The first thing that happens when you turn an Intel PC on is that the BIOS executes. BIOS stands for Basic Input/Output System. It's a program permenantly stored in the computer on read-only chips, normally. For our purposes, the BIOS can never be changed. It performs some minimal tests, and then looks for a floppy disk in the first disk drive. If it finds one, it looks for a ``boot sector'' on that disk, and starts executing code from it, if any. If there is a disk, but no boot sector, the BIOS will print a message like:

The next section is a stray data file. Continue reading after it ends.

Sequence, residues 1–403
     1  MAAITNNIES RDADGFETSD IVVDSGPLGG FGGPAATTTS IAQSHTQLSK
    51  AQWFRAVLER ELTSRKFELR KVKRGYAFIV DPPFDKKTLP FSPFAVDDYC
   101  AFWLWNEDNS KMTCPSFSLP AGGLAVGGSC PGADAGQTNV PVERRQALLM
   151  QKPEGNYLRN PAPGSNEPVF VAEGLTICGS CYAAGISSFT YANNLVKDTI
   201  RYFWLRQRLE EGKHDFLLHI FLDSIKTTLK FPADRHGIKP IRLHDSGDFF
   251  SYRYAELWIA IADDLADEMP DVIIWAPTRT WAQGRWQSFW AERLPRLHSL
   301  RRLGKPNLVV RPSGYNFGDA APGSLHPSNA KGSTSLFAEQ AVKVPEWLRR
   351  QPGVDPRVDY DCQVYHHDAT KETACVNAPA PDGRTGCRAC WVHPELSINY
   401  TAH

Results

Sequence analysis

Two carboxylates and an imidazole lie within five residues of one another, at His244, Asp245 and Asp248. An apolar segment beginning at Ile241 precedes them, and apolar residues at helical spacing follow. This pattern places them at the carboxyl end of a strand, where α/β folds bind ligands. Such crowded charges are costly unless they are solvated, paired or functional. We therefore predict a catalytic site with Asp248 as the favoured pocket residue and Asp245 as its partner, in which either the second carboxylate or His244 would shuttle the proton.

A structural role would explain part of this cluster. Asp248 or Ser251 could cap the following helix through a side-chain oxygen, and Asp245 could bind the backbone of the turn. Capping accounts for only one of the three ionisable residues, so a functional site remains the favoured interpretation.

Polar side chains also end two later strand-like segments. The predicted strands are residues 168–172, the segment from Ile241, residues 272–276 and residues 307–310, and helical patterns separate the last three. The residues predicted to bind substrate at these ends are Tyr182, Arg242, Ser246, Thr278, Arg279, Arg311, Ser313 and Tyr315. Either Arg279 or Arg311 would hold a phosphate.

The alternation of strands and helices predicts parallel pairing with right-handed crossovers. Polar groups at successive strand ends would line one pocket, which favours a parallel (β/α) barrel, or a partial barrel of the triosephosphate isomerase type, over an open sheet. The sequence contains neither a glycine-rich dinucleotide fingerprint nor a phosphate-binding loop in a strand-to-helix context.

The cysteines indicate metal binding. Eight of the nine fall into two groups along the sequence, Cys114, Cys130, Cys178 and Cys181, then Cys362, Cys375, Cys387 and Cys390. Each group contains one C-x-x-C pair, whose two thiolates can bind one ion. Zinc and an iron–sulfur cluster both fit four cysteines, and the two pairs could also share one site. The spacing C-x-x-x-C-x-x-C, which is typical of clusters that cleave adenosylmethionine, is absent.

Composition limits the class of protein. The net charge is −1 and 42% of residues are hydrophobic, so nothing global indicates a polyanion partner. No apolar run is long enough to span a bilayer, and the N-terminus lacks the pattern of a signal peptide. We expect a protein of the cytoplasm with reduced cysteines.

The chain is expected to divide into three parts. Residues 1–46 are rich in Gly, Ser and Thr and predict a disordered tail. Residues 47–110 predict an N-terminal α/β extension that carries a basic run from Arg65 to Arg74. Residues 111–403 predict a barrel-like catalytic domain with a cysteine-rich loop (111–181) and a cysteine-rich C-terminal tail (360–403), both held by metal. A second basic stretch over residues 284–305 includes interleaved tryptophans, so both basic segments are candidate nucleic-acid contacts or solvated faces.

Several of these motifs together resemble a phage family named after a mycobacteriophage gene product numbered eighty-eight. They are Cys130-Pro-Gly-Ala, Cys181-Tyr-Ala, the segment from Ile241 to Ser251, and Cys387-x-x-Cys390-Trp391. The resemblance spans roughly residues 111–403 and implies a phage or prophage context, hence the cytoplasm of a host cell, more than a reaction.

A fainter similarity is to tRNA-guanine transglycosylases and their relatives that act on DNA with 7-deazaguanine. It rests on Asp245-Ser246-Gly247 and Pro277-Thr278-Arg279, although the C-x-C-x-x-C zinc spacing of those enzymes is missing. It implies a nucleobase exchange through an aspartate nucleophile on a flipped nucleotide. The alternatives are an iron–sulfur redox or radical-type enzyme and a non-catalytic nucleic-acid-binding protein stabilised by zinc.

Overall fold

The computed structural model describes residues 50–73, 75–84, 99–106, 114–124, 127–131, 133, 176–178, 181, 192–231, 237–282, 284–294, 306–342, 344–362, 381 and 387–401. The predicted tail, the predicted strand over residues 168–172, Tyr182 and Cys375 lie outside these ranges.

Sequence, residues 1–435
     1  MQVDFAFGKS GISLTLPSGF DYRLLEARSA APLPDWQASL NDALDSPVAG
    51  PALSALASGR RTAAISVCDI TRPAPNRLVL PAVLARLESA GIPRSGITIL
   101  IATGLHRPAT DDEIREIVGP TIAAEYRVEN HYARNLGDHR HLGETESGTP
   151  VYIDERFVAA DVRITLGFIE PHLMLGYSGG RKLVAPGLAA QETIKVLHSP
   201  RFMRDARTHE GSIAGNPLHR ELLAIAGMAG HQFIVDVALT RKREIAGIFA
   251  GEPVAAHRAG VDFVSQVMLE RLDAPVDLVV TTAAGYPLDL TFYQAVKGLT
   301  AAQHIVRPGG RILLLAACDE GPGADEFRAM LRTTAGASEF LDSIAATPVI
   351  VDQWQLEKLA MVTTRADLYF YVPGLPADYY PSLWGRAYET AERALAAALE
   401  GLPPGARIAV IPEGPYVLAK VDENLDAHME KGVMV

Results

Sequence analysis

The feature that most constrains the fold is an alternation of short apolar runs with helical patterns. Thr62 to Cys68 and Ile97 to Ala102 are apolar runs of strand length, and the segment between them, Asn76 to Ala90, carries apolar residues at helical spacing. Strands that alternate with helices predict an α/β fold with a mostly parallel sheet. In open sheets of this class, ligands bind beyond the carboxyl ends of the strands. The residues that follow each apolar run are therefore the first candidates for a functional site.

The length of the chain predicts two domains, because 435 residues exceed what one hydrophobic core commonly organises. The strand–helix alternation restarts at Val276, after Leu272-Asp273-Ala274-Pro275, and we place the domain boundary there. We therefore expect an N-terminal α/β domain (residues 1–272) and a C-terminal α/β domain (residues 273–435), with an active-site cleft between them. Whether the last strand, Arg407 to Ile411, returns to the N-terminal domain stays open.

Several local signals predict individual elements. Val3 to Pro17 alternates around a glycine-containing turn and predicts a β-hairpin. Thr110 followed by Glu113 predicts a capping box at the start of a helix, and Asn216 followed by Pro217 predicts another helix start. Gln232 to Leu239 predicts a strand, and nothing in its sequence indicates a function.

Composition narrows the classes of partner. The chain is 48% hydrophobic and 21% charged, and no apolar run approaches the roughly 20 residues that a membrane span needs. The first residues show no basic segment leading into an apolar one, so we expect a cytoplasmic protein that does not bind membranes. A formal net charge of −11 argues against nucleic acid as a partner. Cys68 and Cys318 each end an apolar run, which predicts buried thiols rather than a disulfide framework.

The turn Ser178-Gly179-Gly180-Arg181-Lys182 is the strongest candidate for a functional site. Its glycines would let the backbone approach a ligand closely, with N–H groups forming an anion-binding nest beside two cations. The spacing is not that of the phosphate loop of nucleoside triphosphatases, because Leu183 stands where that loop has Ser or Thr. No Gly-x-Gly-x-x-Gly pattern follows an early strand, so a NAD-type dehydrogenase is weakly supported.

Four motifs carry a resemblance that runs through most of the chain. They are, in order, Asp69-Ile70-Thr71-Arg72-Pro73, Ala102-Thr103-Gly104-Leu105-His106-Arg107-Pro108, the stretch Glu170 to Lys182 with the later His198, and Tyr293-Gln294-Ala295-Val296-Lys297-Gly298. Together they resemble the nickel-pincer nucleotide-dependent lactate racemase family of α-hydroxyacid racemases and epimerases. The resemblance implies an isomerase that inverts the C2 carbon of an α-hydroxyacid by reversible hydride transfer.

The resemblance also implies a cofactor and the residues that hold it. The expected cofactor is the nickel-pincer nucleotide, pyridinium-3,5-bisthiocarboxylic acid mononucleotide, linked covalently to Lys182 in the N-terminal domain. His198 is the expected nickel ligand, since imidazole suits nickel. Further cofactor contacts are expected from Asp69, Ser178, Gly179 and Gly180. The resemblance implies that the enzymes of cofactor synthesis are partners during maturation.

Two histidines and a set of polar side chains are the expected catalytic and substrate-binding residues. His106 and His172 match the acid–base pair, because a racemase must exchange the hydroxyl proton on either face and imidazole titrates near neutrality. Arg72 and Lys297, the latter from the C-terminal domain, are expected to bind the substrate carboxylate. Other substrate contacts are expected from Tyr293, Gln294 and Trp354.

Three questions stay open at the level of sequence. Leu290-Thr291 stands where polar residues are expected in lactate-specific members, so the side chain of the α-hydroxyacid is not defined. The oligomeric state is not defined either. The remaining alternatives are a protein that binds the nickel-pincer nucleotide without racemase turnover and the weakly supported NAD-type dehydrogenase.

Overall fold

Removing the disk and pressing a key will cause the boot process to continue.
If there isn't a floppy disk in the drive, the BIOS looks for a master boot recordmaster boot record (MBR) on the hard disk. It will start executing the code found there, which loads the operating system. On systems, LILO , the LInux LOader, can occupy the MBR position, and will load . For now, we'll assume that happens and that starts to load. (Your particular distribution may handle booting from the hard disk differently. Check with the documentation included in that distribution. Another good reference is the LILO documentation, .)